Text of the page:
James puts this matter of sermon application so unforgettably in 1.22 of his epistle:

“Be doers of the Word, and not hearers only, deceiving yourselves.”

Having taken a few moments to identify some traps that ensnare sermon hearers each week, I have begun to realise how multifaceted this sermon-tasting deception can be. This explains in part the slightly weird title ‘Dodecahedron of Deception.’ Here, then, are twelve traps & pitfalls, that hearers may fall into & must prayerfully seek help to avoid or escape, when they attend their meeting-house tomorrow!

We deceive ourselves when….

1. We apply the message to others for whom we feel the sermon is most fitting, whilst failing to apply it to our own case & heart, for which God intended it.

2. We take great delight in the subject, style, sound or structure […]

The Relationship of Preaching to Pastoral Counseling

In Colossians 1:28, the Apostle Paul states, “We proclaim Him, admonishing every man and teaching every man with all wisdom, so that we may present every man complete in Christ.” The goal of Biblical preaching is to bring every man to bear fully the image of God in Christ. Thus, we should preach in such a way that every sinner is called to the justifying work of Christ, every saint is urged onward in their sanctification in Christ, and every person desires and is being prepared to meet Christ in glory. The Spirit-filled preaching of God’s Word from the pulpit is the primary means the Lord has for accomplishing this lofty task.  As the Westminster Larger Catechism asks and answers:

Q. 155. How is the Word made effectual to salvation?

A. The Spirit of God maketh the reading, but especially the preaching of the Word, an effectual means of enlightening, convincing, and humbling sinners; of driving them out of themselves, and drawing them unto Christ; of conforming them to his image, and subduing them to his will; of strengthening them against temptations and corruptions; of building them up in grace, and establishing their hearts in holiness and comfort through faith unto salvation.

With this understanding of preaching, we […]

Refreshment on Revival

At last…..  almost a month without proper internet access & the stress of moving to a new house. Which reminds me of a few thoughts I had some time ago on Revival from Zechariah 1.1-6….

Exile was now over. The people had returned. State-sponsored rebuilding of the House of Yahweh in Jerusalem had been decreed by Cyrus . The harsh reality of life in the Empire back in their homeland which had not, as yet, lived up to their dreams of restoration. The Jews as a consequence had grown spiritually gloomy and cold. So the Prophet of God is sent to stir up his returned Church. There are at least ten lessons or principles the Spirit gives us which help us think properly about revival…

1. The Church always tends to decline so is constantly in need of revival v4.

2. Church revival comes through the efficacious preaching of the Word of God v1, 3 & 6.

3. Church revival comes with messages which place a stress on sinful behaviour or practice & the need for the grace of repentance v2, 4 & 6.

4. Church revival comes after a period of chastening & acknowledgment of waywardness on the part of the people of God v6b.

5. Church revival is forgotten by previous generations […]

Prey to Being Positive?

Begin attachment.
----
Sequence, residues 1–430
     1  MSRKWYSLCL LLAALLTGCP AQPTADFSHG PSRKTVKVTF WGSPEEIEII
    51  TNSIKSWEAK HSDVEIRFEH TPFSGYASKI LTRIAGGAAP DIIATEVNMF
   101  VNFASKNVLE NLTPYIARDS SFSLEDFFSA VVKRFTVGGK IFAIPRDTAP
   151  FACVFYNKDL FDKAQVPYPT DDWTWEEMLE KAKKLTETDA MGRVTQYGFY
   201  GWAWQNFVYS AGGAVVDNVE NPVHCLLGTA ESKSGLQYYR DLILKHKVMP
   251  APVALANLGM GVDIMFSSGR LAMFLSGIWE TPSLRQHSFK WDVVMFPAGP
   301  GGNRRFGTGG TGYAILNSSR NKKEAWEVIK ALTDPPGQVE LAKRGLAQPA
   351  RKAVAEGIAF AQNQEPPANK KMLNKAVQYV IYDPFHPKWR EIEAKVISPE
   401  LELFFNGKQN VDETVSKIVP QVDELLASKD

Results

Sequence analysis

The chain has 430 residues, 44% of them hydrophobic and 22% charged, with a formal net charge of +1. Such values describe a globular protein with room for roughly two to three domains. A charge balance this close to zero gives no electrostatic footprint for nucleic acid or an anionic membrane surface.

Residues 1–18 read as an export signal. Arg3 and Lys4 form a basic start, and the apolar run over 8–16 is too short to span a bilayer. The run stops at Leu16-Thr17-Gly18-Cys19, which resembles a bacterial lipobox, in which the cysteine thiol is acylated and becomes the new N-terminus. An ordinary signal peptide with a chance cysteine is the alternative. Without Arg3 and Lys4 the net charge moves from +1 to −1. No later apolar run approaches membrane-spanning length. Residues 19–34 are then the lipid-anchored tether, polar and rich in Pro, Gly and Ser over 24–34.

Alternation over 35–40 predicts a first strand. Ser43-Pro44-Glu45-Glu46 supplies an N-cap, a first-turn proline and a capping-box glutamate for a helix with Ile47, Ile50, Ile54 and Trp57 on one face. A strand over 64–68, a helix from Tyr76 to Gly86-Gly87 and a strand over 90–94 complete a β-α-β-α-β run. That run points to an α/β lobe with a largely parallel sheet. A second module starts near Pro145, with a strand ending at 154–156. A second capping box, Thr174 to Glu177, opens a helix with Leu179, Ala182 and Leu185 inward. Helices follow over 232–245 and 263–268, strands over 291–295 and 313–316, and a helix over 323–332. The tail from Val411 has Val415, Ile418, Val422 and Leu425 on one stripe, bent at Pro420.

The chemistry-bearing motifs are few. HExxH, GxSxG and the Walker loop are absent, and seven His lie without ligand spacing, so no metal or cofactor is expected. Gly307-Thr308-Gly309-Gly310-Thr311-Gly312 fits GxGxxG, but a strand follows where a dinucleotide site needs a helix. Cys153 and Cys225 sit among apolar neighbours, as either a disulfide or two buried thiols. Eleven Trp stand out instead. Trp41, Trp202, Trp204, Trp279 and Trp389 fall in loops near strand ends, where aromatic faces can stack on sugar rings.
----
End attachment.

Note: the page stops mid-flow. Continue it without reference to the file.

As I round off my preparation for three sermons this Lord’s Day, I’ve been forced to think again of the ‘dangers of being positive’ or ‘criticism for being negative’.
If I’ve already raised your eyebrows, I wonder why that is? Perhaps you’ve fallen foul of some grumpy, gloomy pastors, or been lorded over by elders with hypercritical personalities.
Others may have been tainted by Peale’s ‘Power of Positive Thinking.’ Over-optimism is rife in parts of the West. Educationalists ban criticism as cultural taboo. Self-esteem gurus feed egos with applause.
At risk of being ‘jaundiced against joy’, I’ve often remarked how the ‘positivity police’ who cry ‘stop being negative’, are often among the most negative people I know. They say cheer up but rarely smile themselves.
To get onto something of substance, you might be wondering what has generated this blog on ‘prey to being positive.’ Well Scripture, I hope you notice, is supersaturated with negatives.
A fine example is the text that set me off. “Do not be conformed to this world”. To discover, discern, do & delight in God’s entire will, as living sacrifices, we must refuse to march to the drumbeat of our age.
Paul keeps step with Christ who was negative with no fault. “I am […]

On Being Persuasive

From parenting to preaching, seeking to persuade others about the truths of the Bible and obedience to it is a fine art. One can easily veer off course and come across as harsh, demanding, exasperating, and legalistic. An over-correction in the other direction can make one sound nagging, permissive, whiny, and lacking in authority. Learning how to persuade others winsomely is a skill that needs to be cultivated. As Proverbs 16:23 says, “The heart of the wise makes his speech judicious and adds persuasiveness to his lips.”

In his work on preaching originally titled Sacred Rhetoric but now usually printed as Evangelical Eloquence, Robert Dabney, a nineteenth century theologian, has a fascinating section on this topic. Dabney reminds us that just as there are laws governing other aspects of nature, so there are rules for appealing to people to work toward a true, willing acceptance of the words that they are hearing rather than a blind obedience, grudging compliance, or outright rejection of them. He says that

…there are facts and laws belonging to man’s emotive system which must also be regarded in dealing successfully with it. It is the emotions which immediately move the will. To produce volition it is not enough that the intellect be convinced; affection must also be aroused.”

In […]